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Found 4 results

  1. Le fabricant de pièces automobiles Progressive Moulded Products ferme ses 11 usines de la région de Toronto et met à pied 2000 employés. Pour en lire plus...
  2. Le manque de main-d'oeuvre pousse les entreprises canadiennes à se tourner vers les programmes de retraite progressive pour garder leurs employés d'expérience. Pour en lire plus...
  3. The whole blogosphere and media in Canada has said a lot of things about two mayoral elections in two of Canada's major cities the past month. Both of them had the guy expected to come in 3rd place, win the elections with a majority of votes, with high voter turnouts as well. Everyone was surprised because a "progressive", brown, unmarried and Muslim guy won the mayoralty in Calgary (of all places) and a "hyper-conservative" fat white guy won the mayoralty in Toronto, which just shatters everyone's stereotypes of both cities. Some say they should have happened the other way around But it seems that the "progressive" Mr. Nenshi is also quite respectful of the taxpayers, which is always very nice to hear of and would be most welcome in Montreal or any city. He has said he has "a lot in common" with Mr. Ford, and has been trying to find ways to cut spending in his city to reduce a planned property tax hike. So I liked this article: As for Rob Ford, I don't think he has actually become Mayor of Toronto yet or at least has done anything, except meet with all the elected councillors to get to know them. Who said things about "angry politics", he seems like he is actually trying to make the council work An interesting, contemporary TO article: This article about spending by TO city councillors is also illuminating: http://www.nationalpost.com/high+costs+council/3780393/story.html Some highlights: I don't think I even want to know what the books look like for Montreal's city council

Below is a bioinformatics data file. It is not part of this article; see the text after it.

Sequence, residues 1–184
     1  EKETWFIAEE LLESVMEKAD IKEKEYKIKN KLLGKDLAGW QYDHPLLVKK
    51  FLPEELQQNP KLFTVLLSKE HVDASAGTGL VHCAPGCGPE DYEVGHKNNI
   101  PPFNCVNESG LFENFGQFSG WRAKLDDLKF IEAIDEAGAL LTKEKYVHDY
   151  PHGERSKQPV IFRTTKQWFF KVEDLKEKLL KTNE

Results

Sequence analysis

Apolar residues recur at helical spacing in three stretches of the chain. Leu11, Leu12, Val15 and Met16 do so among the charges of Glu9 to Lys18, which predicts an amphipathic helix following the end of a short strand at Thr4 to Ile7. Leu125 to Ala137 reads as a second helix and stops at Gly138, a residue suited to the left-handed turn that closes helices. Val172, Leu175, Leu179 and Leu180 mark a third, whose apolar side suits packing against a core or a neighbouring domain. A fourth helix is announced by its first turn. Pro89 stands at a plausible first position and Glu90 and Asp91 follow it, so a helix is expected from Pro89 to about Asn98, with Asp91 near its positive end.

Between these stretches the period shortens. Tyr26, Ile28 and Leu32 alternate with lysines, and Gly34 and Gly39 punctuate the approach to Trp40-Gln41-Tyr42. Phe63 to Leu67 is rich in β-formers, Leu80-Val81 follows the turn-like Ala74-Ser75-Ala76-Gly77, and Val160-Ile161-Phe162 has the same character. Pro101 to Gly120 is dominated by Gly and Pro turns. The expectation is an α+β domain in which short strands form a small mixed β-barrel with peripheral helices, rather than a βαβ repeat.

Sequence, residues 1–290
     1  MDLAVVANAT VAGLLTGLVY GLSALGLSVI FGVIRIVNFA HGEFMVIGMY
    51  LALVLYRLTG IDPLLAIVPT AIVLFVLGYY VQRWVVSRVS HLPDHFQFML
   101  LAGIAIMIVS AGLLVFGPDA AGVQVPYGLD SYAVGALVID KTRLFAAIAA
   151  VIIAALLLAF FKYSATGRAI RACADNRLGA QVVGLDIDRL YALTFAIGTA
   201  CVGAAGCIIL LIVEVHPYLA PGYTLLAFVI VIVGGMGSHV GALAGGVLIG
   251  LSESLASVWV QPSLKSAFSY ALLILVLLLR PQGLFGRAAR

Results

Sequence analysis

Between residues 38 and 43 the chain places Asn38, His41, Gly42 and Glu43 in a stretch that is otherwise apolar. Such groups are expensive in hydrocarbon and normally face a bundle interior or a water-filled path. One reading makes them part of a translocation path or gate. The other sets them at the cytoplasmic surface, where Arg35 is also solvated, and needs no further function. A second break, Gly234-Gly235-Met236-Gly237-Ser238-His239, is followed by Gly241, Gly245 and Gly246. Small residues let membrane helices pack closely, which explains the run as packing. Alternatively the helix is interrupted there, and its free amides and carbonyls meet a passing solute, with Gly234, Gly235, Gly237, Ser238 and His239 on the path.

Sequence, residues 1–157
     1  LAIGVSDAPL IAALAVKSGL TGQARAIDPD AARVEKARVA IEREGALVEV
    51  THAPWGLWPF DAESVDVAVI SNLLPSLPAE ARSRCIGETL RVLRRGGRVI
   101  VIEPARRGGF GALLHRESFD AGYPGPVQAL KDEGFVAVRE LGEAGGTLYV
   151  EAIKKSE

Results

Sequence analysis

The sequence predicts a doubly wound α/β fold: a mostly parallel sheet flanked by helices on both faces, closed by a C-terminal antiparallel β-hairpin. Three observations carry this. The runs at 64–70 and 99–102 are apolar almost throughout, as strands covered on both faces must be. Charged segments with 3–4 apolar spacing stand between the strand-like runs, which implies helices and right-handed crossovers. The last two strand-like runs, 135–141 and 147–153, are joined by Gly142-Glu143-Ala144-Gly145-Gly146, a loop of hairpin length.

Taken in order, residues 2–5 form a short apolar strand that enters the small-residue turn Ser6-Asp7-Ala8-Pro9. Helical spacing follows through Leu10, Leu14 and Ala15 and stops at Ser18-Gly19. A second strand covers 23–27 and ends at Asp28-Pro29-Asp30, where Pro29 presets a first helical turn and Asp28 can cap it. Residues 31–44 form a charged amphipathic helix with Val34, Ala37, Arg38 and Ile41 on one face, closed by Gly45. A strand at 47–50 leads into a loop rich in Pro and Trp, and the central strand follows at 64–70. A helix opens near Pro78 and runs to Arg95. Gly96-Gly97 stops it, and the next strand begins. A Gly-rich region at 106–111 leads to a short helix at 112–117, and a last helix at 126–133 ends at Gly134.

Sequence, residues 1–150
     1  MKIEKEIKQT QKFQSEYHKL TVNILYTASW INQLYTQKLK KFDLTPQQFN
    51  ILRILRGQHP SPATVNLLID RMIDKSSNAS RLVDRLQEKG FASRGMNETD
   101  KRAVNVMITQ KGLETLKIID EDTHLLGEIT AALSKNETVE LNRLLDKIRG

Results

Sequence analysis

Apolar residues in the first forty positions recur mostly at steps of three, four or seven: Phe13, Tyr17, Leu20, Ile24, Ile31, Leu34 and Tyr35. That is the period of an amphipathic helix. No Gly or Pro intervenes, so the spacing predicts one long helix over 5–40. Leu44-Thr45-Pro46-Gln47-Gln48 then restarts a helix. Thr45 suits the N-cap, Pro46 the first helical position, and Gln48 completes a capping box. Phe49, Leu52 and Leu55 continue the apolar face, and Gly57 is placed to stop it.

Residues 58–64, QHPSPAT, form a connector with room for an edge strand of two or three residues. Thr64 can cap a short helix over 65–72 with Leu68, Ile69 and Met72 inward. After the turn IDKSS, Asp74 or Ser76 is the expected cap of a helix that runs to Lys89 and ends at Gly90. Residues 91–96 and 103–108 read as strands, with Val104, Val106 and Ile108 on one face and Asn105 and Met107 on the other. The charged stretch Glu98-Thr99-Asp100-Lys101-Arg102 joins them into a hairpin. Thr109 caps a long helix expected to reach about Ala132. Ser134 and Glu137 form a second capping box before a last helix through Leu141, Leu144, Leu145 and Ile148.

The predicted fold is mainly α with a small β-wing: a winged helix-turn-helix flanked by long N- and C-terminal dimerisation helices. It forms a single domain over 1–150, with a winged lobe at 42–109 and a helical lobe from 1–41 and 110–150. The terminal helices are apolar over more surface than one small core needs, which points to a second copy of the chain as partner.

4. Took the 55 bus north on St-Laurent yesterday. I was shocked to see dozens of boarded up store fronts on the east side of the street between Sherbrooke and Mont-Royal. This is so much worse that I have ever seen in over 20 years! So sad and depressing. How could we let this happen? Go see for yourself. Take a walk on the Main. If anyone wants to record and share the images here, I'm sure you will be shocked too. Here's something I just saw in CULT-MTL on same subject, although IMO the situation is much more serious than the tone in the piece. http://cultmontreal.com/2013/04/st-laurent-montreal-main/ St-Laurent has seen better days There are few greater, simpler pleasures in this town than walking along the Main on a crisp spring afternoon. But given how dire things are looking for Montreal’s multicultural microcosm, I’m not looking forward to doing it this year with my usual enthusiasm. For years, pedestrians had to deal with all the interminable construction, and while many of us courageously traversed those rickety planks masquerading as sidewalks, the street never really recovered from those trying times. Businesses have been shuttering left and right (I weep for BBQ Rocky’s — where I’ll get smokes and watch soaps now I don’t know), so in an effort to make the abyss more enticing to prospective entrepreneurs, the St-Laurent Merchants’ Association is spending $30,000 to dress up the growing number of empty storefronts. Of course, it’s akin to trying to stop the bleeding from a gunshot wound with a few dabs of a wet nap, or more specifically it’s a modern take on Potemkin Village. The obvious, sad truth is that, given how gradual the Main’s depreciation has been, it’s going to take more than a few fancy snapshots to revitalize the area. It’s not a bad idea, per se, because mushy newspapers certainly don’t make for good window shopping, but saving the Main will require progressive thinking. There are plenty of cooler streets around town these days, and history isn’t much of a selling point, even when it’s engraved on ergonomically unfavourable benches. Some streets just never get their groove back: St-Laurent merchants need only look to their cross-street brother Prince Arthur if they want a harrowing look into their future. There’s a municipal election coming up later this year, so perhaps it’s high time that the supposedly “clean” party — the one that rules over the Plateau with a sanctimonious wag and aspires to expand their empire — prove they’re good at something besides pointing out how bloated and corrupt their political rivals are. And if they don’t have any solutions, either, maybe they can just hike parking rates by another buck or two. That’ll help. ■